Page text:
Draft Version 1.3
December 6, 2011


  • Sean Flynn, American University Washington College of Law, Associate Director, PIJIP
  • Margot Kaminski, Yale Law School, Executive Director, Information Society Project
  • Brook Baker, Northeastern University School of Law, Program on Human Rights and the Global Economy
  • Jimmy Koo, American University Washington College of Law, Fellow, PIJIP

This briefing paper provides preliminary analysis of two leaked U.S. proposals for an intellectual property chapter in the Trans Pacific Partnership (TPP) agreement and of a related proposed chapter regulating pharmaceutical reimbursement programs.

The U.S. proposals, if adopted, would upset the current international framework balancing the minimum standards for exclusive rights for media and technology owners, on the one hand, and the access rights of the public, competitors, innovators and creators, on the other. The proposed U.S. IP chapter greatly exceeds the imperfect, but more balanced provisions codified in the 1994 WTO Trade-Related Aspects of Intellectual Property Rights Agreement [hereinafter TRIPS].  The proposals are primarily based on, and frequently go beyond, the maximalist and controversial standards of the Korea-U.S. Free Trade Agreement (KORUS)  and the Anti-Counterfeiting Trade Agreement (ACTA),  neither of which was subject to an open and transparent negotiation process. The provisions of the TPP proposals are inconsistent with the current laws in every TPP member country for which public analysis is available,  including the U.S. itself.  The proposal is also a new step for U.S. international policy, abandoning the development-oriented flexibilities on access to medicines expressed in the 2007 New Trade Deal between Congress and the Bush Administration.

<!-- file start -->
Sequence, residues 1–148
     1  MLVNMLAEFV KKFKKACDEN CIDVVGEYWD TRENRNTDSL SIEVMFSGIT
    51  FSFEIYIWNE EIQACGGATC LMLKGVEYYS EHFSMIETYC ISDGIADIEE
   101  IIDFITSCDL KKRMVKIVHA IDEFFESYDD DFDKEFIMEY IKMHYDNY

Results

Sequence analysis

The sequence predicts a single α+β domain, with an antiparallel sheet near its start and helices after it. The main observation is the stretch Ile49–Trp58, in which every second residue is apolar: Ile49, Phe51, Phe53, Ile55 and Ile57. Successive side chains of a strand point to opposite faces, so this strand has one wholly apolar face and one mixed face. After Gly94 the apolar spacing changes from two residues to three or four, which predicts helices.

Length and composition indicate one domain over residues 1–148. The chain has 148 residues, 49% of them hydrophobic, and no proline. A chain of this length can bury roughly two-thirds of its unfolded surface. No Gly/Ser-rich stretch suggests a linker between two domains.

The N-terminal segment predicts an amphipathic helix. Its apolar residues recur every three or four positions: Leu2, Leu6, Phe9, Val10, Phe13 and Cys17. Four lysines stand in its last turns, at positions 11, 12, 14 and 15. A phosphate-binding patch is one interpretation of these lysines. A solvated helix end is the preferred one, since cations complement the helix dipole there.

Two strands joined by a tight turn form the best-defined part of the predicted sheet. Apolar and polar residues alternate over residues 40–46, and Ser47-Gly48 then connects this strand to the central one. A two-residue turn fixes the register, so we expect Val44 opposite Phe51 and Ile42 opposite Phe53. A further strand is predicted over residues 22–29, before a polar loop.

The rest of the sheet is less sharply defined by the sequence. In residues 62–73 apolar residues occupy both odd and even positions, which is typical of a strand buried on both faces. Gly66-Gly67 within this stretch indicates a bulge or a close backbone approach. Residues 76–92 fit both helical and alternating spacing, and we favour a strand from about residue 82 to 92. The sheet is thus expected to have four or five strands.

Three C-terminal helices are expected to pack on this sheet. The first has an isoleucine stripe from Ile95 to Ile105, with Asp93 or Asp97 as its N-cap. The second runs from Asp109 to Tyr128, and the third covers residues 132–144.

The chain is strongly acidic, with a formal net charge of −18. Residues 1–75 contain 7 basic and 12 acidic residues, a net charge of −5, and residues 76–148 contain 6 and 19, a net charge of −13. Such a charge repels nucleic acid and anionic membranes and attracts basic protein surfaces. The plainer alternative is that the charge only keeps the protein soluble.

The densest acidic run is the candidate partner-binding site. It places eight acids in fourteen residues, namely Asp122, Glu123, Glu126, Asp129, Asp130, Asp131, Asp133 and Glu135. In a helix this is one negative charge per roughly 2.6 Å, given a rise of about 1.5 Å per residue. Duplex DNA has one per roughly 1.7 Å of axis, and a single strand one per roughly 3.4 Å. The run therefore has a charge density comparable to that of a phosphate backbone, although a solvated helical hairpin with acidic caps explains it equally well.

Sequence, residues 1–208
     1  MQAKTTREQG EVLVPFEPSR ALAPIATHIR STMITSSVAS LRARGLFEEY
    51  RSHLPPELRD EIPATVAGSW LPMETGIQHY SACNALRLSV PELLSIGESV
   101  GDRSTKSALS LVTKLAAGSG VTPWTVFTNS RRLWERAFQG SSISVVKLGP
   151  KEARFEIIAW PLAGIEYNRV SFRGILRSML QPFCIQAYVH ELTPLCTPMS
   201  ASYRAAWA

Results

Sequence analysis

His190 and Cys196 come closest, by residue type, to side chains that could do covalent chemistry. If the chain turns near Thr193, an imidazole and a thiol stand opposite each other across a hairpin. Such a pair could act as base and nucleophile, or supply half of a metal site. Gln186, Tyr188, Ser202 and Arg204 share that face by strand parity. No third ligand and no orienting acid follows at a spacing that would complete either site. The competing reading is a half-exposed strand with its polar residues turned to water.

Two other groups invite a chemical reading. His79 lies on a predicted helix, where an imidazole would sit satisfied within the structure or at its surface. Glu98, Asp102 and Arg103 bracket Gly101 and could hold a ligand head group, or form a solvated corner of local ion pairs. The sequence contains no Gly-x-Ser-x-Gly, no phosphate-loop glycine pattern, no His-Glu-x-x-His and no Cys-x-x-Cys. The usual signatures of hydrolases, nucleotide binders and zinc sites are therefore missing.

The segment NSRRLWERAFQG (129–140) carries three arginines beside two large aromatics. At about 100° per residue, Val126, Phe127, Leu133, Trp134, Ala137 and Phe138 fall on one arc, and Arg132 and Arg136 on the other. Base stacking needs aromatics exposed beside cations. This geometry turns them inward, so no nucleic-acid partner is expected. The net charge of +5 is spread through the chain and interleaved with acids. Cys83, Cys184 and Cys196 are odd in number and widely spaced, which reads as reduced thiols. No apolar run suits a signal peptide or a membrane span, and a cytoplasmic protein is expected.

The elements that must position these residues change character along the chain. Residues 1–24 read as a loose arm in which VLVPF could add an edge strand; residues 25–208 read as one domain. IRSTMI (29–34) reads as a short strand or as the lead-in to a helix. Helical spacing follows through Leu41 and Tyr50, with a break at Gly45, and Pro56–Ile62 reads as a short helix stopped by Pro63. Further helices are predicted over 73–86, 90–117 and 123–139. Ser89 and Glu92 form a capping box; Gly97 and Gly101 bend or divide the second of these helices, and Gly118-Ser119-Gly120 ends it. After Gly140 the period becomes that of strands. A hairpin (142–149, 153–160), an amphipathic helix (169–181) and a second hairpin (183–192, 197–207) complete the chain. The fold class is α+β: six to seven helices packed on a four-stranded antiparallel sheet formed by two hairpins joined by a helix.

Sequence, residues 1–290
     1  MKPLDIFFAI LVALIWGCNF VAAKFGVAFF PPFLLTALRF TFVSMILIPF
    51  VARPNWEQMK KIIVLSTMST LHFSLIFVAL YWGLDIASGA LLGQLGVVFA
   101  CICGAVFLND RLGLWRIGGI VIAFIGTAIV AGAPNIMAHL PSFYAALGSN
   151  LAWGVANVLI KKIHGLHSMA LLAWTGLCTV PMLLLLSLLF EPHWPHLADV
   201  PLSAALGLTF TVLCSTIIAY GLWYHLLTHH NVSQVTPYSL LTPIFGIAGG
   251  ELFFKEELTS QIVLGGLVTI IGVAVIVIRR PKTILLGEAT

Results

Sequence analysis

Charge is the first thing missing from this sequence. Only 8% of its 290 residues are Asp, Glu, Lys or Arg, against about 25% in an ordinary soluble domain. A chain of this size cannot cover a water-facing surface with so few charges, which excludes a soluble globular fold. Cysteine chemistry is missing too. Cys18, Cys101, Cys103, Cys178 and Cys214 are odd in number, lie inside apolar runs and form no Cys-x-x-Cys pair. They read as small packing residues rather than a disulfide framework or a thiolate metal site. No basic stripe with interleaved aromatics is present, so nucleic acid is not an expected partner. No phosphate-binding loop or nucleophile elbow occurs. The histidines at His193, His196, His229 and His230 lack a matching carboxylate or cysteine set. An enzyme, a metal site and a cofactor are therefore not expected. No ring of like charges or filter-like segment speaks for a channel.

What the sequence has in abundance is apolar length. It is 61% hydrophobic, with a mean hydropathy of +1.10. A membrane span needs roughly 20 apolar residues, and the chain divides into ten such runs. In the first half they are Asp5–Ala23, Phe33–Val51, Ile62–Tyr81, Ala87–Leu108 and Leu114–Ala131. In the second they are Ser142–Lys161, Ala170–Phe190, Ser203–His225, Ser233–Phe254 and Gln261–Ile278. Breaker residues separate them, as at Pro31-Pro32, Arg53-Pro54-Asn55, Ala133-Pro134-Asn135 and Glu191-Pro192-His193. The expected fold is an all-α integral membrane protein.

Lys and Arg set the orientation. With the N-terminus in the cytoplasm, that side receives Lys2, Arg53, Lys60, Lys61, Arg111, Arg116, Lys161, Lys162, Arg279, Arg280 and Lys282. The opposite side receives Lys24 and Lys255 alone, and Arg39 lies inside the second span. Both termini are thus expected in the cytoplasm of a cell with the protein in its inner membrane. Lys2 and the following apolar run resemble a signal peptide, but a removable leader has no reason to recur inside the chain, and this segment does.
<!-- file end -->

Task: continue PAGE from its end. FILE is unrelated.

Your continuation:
The U.S. combined proposals are particularly inappropriate for developing countries where the risks and effects of exclusionary pricing by foreign monopolists are most acute.  The U.S. TPP proposals are the latest manifestation of its maximalist agenda in international intellectual property,  which stands in stark contrast to the “development agenda”  being debated in more open, transparent multilateral forums.  Substantively, the development agenda is focused on maximizing differentiation and flexibility in protection and enforcement, while globalizing a set of mandatory minimum limitations and exceptions – including for persons with visual impairments, for libraries, for educational uses and to promote access to needed medicines and technologies. CLICK HERE FOR THE FULL PAPER